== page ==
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Debate Over Religious Texts for Court Oaths Goes Before Judge

Posted May 8, 2007

— Since 1777, North Carolinians have been putting their hands on the King James version of the Bible and swearing under God to tell the truth in court. Now, the American Civil Liberties Union has filed a lawsuit saying that other religious texts, such as the Q’uran and the Hebrew Bible, also should be available.

There are two ways for a person to be sworn to tell the truth in a North Carolina courtroom. The person may put a hand on 'Holy Scxripture' and take a religious oath, or he or she may simply raise a hand and make a non-religious affirmation.

“The term 'Holy Scripture' is broad enough to include other books,” said ACLU attorney Seth Cohen.

ACLU attorneys argued Tuesday before Wake County Superior Court Judge Paul Ridgeway that the state must allow people to swear on religious texts other than the Bible or take the Bible out of the courtroom altogether.

“By definition, that statute has favored one religion – Christianity — over all other religions and therefore violates the establishment clause to the First Amendment to the United States Constitution,” Cohen said.

Rabbi Lucy Dinner of Temple Beth Or said she believes there should be options in the courtroom for people of other faiths.

“I think we wouldn't want to ask someone who was not of the Christian faith to take an oath on the Bible, knowing that was not their text,” Dinner said. “And then, what would the oath mean?”

In court, assistant attorney general Valerie Bateman said that it would be complex and impractical for the courts to allow multiple religious texts because it would be up in the air who would determine which texts would be allowed.

Rev. Mark Creech of the Christian Action League of North Carolina said he’s worried that changing the law will open up Pandora's Box.

“What this means is the racist could swear on a copy of Mein Kampf,” Creech said. “That is a tremendous departure from what the founders of this country ordained to be the point of reference for good morality and good government.”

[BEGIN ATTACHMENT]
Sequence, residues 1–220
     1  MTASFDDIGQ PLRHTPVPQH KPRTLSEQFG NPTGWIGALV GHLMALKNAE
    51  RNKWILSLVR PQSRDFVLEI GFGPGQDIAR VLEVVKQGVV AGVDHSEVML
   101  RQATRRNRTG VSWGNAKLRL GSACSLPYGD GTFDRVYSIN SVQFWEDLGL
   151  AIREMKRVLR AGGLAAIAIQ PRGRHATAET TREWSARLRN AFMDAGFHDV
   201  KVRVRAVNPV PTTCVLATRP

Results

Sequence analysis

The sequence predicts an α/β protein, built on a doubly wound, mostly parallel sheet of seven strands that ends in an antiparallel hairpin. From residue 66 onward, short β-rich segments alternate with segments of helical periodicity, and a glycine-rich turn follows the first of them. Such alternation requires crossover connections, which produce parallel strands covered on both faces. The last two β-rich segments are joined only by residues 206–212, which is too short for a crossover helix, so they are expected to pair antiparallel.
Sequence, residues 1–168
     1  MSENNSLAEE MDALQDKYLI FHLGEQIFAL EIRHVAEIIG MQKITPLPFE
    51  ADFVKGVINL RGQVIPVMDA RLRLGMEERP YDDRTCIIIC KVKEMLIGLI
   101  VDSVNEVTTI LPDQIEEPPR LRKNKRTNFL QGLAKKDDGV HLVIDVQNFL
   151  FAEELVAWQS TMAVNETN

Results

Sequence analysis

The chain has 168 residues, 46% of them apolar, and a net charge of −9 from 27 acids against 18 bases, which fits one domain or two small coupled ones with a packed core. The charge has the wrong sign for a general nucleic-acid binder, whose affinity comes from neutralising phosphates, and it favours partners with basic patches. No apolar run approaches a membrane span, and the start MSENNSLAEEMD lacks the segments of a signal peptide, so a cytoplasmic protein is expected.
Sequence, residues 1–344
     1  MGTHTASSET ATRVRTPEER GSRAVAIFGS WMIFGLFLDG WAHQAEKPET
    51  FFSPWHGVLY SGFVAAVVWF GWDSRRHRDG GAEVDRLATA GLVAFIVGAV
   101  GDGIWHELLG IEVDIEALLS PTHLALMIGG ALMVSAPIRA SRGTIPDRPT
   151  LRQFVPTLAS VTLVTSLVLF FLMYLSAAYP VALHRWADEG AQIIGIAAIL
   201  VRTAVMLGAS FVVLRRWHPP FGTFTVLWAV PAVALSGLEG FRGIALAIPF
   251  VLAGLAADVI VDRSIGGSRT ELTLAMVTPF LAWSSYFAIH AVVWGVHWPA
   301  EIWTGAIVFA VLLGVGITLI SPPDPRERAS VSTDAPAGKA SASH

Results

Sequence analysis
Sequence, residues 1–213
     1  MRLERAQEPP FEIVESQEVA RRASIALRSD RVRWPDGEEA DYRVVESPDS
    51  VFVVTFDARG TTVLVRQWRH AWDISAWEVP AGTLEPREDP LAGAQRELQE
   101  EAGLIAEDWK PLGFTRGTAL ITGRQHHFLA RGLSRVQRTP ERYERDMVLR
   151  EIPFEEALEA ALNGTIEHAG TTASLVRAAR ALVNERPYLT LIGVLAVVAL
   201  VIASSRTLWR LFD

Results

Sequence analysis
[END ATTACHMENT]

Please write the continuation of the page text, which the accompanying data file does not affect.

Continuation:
Senate Bill 88 would have the state permit people to donate their own religious texts for oaths. The idea is that it would be too overwhelming for the state to provide religious texts for every faith in every courtroom, supporters said.


This story is closed for comments.

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  • mslisac363 May 10, 2007

    Why do we waste our time on things like this? It doesn't matter what book you use as it's has not stopped people from lying in the court. It would be important if it made people tell the truth.

  • Lightfoot May 10, 2007

    While the constitution might not specifically say the “separation of church and state”, that is what it meant. Basically the government can’t favor one religion over the other. If a court says only books relating to the Christian god can be used, that’s against the spirit of the Constitution.

    Couple this with the fact that THINGS CHANGE. Even if you could convince yourself it didn’t mean that 200 years ago, it means that today. The Constitution and are laws are living documents, that evolve with the times. People use to believe spirits in the sky caused thunder and storms. A time will come when people realize that God and all the other invisible spooks don’t exist. I just hope it happens before the Rapture. :)